I stood there with him, crying, and he actually took me in his arms and started to sway with me. He smelled like sugar and salami, which for a Jewish girl from the Bronx is the smell of home. He made it sound so easy. Have the baby. Quit the job. Both. Say yes.
It dawned on me that I had been saying no to myself for so long, I’d forgotten how to say yes that way. All of my choices, from the day I left the job I loved at Manhattan Theatre Club, were based on being safe. All of them. Everything was an “or.” It didn’t even occur to me until that moment I could choose “and.” Have the baby, and quit, and have it be ok.
I pulled myself together finally. Abraham poured me a decaf, bagged me a cookie, and sent me on my way.
And here’s what happened next.
I did call my gynecologist…
…the next morning, after I’d gone home and told Jonathan he was going to be a father, and we called our parents, and I called my best friend.
And then I quit my job.
Our daughter, Emerson, is going to be 9 this summer. She is the image of her daddy, and the love of my life. And every single thing I was scared of that day in the bathroom, they all turned out to be nonsense.
I was afraid I’d be trapped forever in a job I hated. Instead, emboldened by the need to contribute to my family’s wellbeing and motivated by a cellular desire to be the kind of person my daughter can admire, I kept pushing until I found a career that rewards me richly for being an information junkie with a tendency to burst into song.
I was afraid I’d lose myself completely, and instead I rediscovered everything I’d ever taken pleasure in: making up stories, singing songs, living room dance parties, talking in silly voices, themed Halloween costumes, ice cream for dinner, laughing until you pee.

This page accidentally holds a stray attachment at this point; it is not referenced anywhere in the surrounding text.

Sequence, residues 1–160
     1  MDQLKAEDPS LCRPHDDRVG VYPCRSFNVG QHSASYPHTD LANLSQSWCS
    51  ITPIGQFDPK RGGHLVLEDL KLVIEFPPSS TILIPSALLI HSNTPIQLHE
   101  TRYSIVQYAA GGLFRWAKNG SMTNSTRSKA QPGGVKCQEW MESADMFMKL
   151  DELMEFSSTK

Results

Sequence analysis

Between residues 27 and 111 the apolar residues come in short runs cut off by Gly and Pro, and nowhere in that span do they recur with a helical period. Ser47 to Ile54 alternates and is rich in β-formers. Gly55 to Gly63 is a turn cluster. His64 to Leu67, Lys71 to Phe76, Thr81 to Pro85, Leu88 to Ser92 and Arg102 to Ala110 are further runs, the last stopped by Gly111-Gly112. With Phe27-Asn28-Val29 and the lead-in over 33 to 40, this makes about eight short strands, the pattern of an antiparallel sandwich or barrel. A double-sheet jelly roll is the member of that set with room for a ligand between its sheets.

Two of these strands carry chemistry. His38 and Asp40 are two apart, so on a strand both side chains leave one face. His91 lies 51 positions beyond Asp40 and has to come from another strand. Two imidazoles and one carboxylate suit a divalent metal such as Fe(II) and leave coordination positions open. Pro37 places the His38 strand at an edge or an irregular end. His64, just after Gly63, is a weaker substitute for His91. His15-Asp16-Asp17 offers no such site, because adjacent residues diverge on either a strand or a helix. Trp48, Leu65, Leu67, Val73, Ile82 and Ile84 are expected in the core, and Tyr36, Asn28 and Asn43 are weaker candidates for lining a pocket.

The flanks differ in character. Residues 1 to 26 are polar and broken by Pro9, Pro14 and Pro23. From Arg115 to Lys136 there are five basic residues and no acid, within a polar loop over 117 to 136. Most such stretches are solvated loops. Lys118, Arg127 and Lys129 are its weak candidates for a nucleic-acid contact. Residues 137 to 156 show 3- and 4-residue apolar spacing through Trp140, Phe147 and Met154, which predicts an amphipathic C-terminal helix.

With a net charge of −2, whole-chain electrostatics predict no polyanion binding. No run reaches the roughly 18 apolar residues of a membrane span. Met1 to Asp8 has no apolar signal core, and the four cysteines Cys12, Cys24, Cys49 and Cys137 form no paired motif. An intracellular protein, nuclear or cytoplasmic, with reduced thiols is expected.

I was afraid I’d resent her, but instead, I am indescribably grateful, for her laughter and sweetness, how she helps me see the world as a place of wonder and goodness. For the ways she’s softened me, made me kinder, slowed me down.
I am absolutely certain that every good thing in my life started the day I said yes to her. As Abraham predicted, she has brought an endless stream of blessings. And they have just started.
There were a lot of people around the day Emmy was born — Jonathan and my best friend, Lisa, were in the delivery room, and our parents were at the hospital also. I didn’t get to be alone with her until about 4 in the morning, when everyone had gone home to rest. And that first night, with her tiny head tucked under my chin, I whispered the most honest thing I have ever said to another person. “I have spent my entire life wondering what I’m supposed to be doing, where I’m supposed to be, what my purpose is. And it’s so clear now. I am here to love you.”
I know it’s corny, but motherhood is a corny business. It is made of promises, of hopes that are larger than everything you fear, of saying yes, and yes, and yes, to the mystery of love, to the surprising hugeness of your own heart, to messes, to the unknown.
It’s also made of lullabies, and that’s what I’m going to sing you for now.